Moderates in the Republican caucus are wary of deep cuts to popular domestic programs, like education and National Parks, that would be spurred by his proposal to cap domestic spending growth at a level well below the current inflation rate. Fiscal hawks, including a faction that resisted Mr. McCarthy’s appointment as speaker and could effectively force a vote to oust him at any time, have pushed for far more aggressive reductions. They include lawmakers who have never voted to raise or suspend the debt limit, even under former President Donald J. Trump, who signed three suspensions of the limit into law.

Mr. McCarthy detailed his plan to fellow Republicans on Tuesday. As outlined on Monday, it would raise the limit for about a year. It would also return most domestic spending to fiscal year 2022 levels and cap its growth over a decade. Mr. McCarthy also wants to add work requirements for recipients of federal food assistance and reduce federal regulations on fossil fuel development and other projects, which he says will increase economic growth.

It is unclear if enough Republicans would vote for that package to ensure its passage in the House. Senate Democrats would almost certainly reject it, as would Mr. Biden, who has said repeatedly he expects Congress to raise the borrowing limit with no strings attached.

Mr. Biden has shown no indication that he will intervene to speed up discussions over raising the limit, or seek to broker any deals in Congress to do so. The president has said he will negotiate taxes and spending levels separately from the borrowing limit. But he and his aides are refusing to engage further with Mr. McCarthy on fiscal policy until Republicans rally around a budget plan.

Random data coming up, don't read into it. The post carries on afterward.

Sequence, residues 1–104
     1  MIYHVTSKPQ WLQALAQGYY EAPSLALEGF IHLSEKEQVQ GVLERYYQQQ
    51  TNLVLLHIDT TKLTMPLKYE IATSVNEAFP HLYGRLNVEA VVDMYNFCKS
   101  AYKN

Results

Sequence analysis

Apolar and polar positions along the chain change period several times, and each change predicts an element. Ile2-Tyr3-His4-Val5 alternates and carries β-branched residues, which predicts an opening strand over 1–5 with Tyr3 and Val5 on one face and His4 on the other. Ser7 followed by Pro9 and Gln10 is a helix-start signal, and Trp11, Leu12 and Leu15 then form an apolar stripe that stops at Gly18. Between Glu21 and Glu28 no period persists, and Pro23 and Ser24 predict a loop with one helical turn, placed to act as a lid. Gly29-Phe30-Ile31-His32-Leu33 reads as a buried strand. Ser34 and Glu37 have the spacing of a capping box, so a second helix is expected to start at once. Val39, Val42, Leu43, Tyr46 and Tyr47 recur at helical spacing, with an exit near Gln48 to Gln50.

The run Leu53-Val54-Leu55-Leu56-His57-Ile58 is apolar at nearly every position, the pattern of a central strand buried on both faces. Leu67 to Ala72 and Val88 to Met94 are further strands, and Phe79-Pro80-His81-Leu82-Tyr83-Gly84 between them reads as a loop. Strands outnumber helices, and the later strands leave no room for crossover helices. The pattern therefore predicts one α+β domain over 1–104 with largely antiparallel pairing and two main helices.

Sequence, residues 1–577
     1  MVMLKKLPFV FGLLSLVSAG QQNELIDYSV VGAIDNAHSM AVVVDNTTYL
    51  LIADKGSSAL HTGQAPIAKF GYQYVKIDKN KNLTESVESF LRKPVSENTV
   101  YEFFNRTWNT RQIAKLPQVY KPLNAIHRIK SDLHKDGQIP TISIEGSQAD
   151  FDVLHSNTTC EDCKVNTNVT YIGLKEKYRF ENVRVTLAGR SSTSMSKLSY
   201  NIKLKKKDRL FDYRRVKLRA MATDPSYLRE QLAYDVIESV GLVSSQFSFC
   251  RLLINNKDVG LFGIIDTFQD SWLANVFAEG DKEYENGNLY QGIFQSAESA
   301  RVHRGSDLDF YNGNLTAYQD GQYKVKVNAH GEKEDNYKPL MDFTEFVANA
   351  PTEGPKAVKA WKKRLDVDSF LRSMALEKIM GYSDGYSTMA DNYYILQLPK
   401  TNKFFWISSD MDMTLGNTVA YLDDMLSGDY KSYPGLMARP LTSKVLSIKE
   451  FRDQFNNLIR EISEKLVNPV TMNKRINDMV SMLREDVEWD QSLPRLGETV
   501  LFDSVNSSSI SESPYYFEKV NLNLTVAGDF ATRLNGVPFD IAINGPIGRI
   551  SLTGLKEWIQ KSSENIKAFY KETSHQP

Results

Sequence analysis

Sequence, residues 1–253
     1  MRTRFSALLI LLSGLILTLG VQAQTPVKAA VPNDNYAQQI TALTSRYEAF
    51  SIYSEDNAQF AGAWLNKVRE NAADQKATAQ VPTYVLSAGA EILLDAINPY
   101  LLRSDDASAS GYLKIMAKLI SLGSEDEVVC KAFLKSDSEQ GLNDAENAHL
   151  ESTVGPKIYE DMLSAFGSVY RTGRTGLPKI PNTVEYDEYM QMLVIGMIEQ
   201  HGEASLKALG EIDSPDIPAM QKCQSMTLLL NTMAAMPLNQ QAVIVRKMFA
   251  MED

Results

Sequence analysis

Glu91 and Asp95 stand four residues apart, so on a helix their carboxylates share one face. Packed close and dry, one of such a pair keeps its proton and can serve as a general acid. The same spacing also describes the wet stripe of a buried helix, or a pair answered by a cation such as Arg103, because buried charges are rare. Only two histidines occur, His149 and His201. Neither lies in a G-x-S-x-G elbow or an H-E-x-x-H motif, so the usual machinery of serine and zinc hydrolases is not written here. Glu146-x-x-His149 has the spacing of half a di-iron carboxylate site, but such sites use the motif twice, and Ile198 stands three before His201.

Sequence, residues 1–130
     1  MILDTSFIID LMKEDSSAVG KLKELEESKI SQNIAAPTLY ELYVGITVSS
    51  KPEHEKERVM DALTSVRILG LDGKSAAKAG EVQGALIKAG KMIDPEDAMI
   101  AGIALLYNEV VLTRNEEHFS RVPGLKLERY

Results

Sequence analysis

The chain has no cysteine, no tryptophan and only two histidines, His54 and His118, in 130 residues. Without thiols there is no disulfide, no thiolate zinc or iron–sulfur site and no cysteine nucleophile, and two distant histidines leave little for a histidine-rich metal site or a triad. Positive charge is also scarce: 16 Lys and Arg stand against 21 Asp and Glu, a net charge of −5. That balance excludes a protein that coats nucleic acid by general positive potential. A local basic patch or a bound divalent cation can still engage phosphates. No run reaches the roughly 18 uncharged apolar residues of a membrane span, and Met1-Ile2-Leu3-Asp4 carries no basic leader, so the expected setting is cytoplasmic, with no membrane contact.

“It’s very hard to say we have something that we know is going to be a proposal” from Republicans on spending cuts, Lael Brainard, the director of Mr. Biden’s National Economic Council, said at the media outlet Semafor’s World Economy Summit in Washington last week. “But we look forward to that.”

The only market thus far to reflect stress about the debt limit is the one most attuned to it: Credit default swaps, which price the risk of the government failing to make scheduled payments to bondholders. Mr. McCarthy shrugged off that stress in a question-and-answer session after his speech on Monday.

“Markets go up and down,” he said.

Stock and bond markets were unfazed after Mr. McCarthy’s comments. They have in recent months been far more reactive to any evidence about what the Federal Reserve will do next in its campaign to tame high inflation by raising interest rates.

More on the Debt Limit

Some White House officials privately say they expect Republicans to step up their efforts to raise the limit if and when investors begin to worry more about negotiations. That’s what happened in 2011, when a showdown between congressional Republicans and former President Barack Obama nearly ended in default. Stocks plunged and borrowing costs rose for corporations and home buyers. The damage took months to repair.

Some Republicans are similarly hopeful that a wake-up on Wall Street will push Mr. Biden to change his negotiating stance, including Representative Patrick McHenry, Republican of North Carolina and chairman of the House Financial Services Committee.

“I don’t think market participants have any idea of how bad off these negotiations are right now, which should give them pause and concern, and actually should bring the president to the table,” he said.

Appearing before Mr. McHenry’s committee on Tuesday, the chairman of the Securities and Exchange Commission, Gary Gensler, warned that a default on U.S. debt “would be one heck of a mess in capital markets.”

“It would hurt the equity markets, it would hurt the rest of the fixed income markets, and it would ripple into the banking system,” he said.

Catie Edmondson contributed reporting.